"Perhaps, this year’s key upshot is understanding that foreign partners want to cooperate with Russia, despite the grim political climate, despite sanctions and attempts by individual countries to hinder our work," Turov told Izvestia. He added that increasing trade turnover between Russia and European countries is partially due to Russia decreasing its share of oil and gas exports. "Thus, our foreign trade is increasingly focused on industrial exports. It opens up broad opportunities for the development of foreign direct investment," he added.

France is also playing a part in the Nord Stream 2 project. According to Turov, "Novatek and Total are participating in the project, and these companies have long established strong partnerships. The French side said that it would continue to participate in the project. Translating it from diplomatic to business language that means prospects for cooperation in other projects," he told the newspaper.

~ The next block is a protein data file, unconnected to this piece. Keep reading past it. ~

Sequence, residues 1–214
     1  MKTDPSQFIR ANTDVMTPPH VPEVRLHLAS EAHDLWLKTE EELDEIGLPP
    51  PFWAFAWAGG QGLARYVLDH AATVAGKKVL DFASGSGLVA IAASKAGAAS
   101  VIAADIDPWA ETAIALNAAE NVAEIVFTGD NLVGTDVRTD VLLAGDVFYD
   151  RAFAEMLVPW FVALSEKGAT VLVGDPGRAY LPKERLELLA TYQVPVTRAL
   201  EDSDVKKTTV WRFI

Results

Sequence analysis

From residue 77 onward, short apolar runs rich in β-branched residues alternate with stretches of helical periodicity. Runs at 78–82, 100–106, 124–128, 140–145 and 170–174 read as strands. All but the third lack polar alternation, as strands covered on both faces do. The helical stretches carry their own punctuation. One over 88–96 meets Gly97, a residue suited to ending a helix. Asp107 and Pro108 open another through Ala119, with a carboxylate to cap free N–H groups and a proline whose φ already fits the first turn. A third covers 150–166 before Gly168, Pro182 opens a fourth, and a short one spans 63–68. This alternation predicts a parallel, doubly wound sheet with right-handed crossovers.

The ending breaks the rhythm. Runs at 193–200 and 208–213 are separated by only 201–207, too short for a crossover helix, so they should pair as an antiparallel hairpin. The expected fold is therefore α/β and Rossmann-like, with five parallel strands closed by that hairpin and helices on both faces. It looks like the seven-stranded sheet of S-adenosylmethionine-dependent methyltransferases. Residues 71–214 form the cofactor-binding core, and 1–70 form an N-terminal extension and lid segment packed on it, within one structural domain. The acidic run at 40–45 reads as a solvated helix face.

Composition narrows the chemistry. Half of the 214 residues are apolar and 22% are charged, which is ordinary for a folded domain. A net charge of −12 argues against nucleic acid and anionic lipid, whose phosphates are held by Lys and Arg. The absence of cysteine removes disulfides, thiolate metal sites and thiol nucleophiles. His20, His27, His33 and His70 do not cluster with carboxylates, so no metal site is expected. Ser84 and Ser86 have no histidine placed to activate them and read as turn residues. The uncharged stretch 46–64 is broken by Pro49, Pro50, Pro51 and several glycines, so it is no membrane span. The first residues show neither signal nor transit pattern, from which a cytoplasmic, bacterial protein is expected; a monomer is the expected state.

Nezavisimaya Gazeta: China challenging America’s hegemony

The past year was marked by intensifying antagonism between the United States, a universally recognized superpower, and China, which itself identifies itself as a developing country, but is actually working to end US hegemony, if not on a global scale, then at least in the Asia-Pacific zone, Nezavisimaya Gazeta wrote. The trade war between Beijing and Washington drove the US to slap a 10% duty on $250 billion worth of Chinese imports. In response, China imposed restriction on a number of American goods, primarily on soybeans and other agricultural products, thus taking a swipe at farmers in those states that represented Trump's electoral base.